On my home Wednesday afternoon, I was listening to local sports talk radio as two personalities discussed the recent struggles of Atlanta Braves closer Craig Kimbrel.
He has blown three of his last five save opportunities, including a loss Tuesday night in Cincinnati — the only loss of the series for the Braves. In his last five appearances, Kimbrel’s ERA has skyrocketed from 0.00 to 3.38, an astronomical number in Kimbrel numbers.
Worst of all, his velocity seems to be dipping slightly. Kimbrel made his money by throwing a fastball that is routinely in the 99-100 mph range, whereas this season, it’s commonly hovering around 95 mph. It doesn’t seem like much, but it can certainly be the difference between being a closer that’s untouchable and a closer that gets touched up far more often than normal.
So the question was raised: On a scale from 1 to 10, with 1 being no worries and 10 being an immediate demotion from the closer role, how worried are you about Craig Kimbrel? I thought about it during their debate that featured callers, both overreacting and super-conservative, and came up with my own number.
Closers are a funny breed. They can be the most overconfident athletes on the planet, but if you shake their routine and they stumble once, they could be done for life. Case in point: Brad Lidge in the 2005 NLCS against Albert Pujols. Sure, this was a much bigger moment than a mid-May blown save in Cincinnati, but it doesn’t have to be. It can be any blip on the radar that causes a closer to go off the deep end.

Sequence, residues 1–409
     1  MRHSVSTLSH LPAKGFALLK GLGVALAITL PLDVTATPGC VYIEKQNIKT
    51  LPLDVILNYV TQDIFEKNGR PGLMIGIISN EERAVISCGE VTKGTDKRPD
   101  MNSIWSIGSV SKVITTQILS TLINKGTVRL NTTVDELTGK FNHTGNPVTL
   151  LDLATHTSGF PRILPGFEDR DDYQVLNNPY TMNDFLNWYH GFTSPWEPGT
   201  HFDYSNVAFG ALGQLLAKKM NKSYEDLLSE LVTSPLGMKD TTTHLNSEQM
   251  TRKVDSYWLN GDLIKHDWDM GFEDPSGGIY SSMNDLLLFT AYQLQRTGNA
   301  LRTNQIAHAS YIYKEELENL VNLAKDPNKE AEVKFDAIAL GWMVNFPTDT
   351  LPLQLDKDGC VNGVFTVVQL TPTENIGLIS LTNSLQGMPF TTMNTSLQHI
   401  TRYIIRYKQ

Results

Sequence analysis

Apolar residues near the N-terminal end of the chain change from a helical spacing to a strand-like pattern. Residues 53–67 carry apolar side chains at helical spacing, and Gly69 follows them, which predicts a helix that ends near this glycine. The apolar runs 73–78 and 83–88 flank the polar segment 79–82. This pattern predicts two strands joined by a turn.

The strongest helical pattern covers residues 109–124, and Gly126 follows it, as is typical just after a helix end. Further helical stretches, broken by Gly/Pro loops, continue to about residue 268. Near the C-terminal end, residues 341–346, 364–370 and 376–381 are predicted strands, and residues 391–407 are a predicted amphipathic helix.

On the other hand, I’m not worried about the same thing happening to Kimbrel, at least not from these three early-season blown saves. I believe he’s a stronger pitcher than that, and he’ll work through his problems.
The only reason why that 3 isn’t a 1 is because of the fall in velocity. If his fastball is truly dropping off and will never return to the triple-digits, this could become an issue. That doesn’t mean it will for sure, because Kimbrel has other pitches that he can use to dominate a hitter. Thus, the worry level is slightly elevated, but not through the roof.
Three games in the middle of a regular season just isn’t a big enough sample size to know for sure, in my opinion.
Where would your “Craig Kimbrel Panic Meter” be set?